Most of us take our gender for granted. We don’t worry about people addressing us with the wrong pronouns or challenging which public toilet we use. Should we require a service specific to our gender, we never imagine someone questioning our entitlement to it. Being our gender is like breathing the air, a reflex. Like air, however, gender is a deceptively complex compound.
Our genetic code, our physical bodies, our internal sense of self, our external expressions of identity and the social norms and stereotypes projected upon us – all these factors are implicated in the idea of gender. Most of the time, they align. When they diverge, we are confronted with the complications of gender, compelled to examine it with our conscious brains and to unpack what the complications mean for our values of equality, fairness and human dignity.
Trans people are those whose internal sense of their gender – what psychologists refer to as ‘gender identity’ – diverges from the sex assigned to them at birth. For anyone who is trans, or who knows a trans person, the urgency of acknowledging their real gender is clear.
As in every movement, we must stand together and be heard. The cruelty of denying people their basic right to self-determination contributes to the fact that at least 45% of trans people in the UK have attempted suicide, and a similar proportion have experienced at least one hate crime in the last year.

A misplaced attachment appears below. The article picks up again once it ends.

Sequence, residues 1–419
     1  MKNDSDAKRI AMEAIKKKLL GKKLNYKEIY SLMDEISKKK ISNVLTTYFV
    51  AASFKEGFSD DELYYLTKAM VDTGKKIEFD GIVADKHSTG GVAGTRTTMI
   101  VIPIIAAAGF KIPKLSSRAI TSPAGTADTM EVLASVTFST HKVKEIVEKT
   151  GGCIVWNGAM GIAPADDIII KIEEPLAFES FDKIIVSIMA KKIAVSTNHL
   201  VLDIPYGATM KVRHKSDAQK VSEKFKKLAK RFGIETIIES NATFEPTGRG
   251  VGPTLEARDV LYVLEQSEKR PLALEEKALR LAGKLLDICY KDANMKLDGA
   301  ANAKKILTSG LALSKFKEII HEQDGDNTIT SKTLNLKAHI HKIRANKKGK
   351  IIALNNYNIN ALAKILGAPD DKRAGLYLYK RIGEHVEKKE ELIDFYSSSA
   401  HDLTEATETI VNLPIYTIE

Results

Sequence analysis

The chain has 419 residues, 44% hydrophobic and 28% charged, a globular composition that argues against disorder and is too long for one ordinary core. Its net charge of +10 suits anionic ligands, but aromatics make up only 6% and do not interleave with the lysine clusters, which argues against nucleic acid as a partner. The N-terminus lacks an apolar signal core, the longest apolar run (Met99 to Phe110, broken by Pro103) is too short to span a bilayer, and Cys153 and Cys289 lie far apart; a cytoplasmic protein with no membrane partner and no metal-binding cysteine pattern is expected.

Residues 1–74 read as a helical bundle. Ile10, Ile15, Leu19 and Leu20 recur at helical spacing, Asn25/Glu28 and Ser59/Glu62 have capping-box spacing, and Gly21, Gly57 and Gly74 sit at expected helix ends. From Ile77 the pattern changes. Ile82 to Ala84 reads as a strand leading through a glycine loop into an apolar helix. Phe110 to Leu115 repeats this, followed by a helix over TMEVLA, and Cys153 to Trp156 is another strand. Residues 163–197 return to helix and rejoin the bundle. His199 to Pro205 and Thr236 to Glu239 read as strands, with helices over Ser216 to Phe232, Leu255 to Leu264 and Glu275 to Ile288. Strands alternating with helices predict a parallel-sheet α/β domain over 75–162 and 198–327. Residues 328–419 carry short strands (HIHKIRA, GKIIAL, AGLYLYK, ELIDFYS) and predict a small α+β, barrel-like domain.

In the 2004 Gender Recognition Act, the Government took an important step forward by enabling trans people to obtain a Gender Recognition Certificate, legally recognising their correct gender. This can make a huge difference in applying for jobs and accessing public services. But the Act needs improvement.
The Government’s public consultation on what this reform should look like closes on 19 October – and it is urgent and critical that everyone who believes in equality uses their voice to support trans rights. The bulk of the proposed reforms aim to eliminate excessively bureaucratic and sometimes traumatising barriers to acquiring a Gender Recognition Certificate. One of those is the requirement that trans people first receive a diagnosis of mental illness – an old-fashioned notion (now rejected by medical professionals) that being trans is a disease.
Another is the requirement to obtain specific medical interventions. Not all trans people want or need such interventions – and the law should not force unnecessary medical treatment upon anyone. A third is the requirement that trans people gather evidence of living in their ‘acquired gender’ for two years. In practice, amassing that evidence can be burdensome. Asking people to suffer without legal recognition for two years is unnecessary and cruel.
A fourth barrier is spousal consent. The Act should be changed to ensure trans people seeking access to a Gender Recognition Certificate cannot be held hostage by an objecting spouse. The Government is also rightly considering how the Act should be amended to recognise people who do not identify with the traditional gender binary.
Source – Metro Newspaper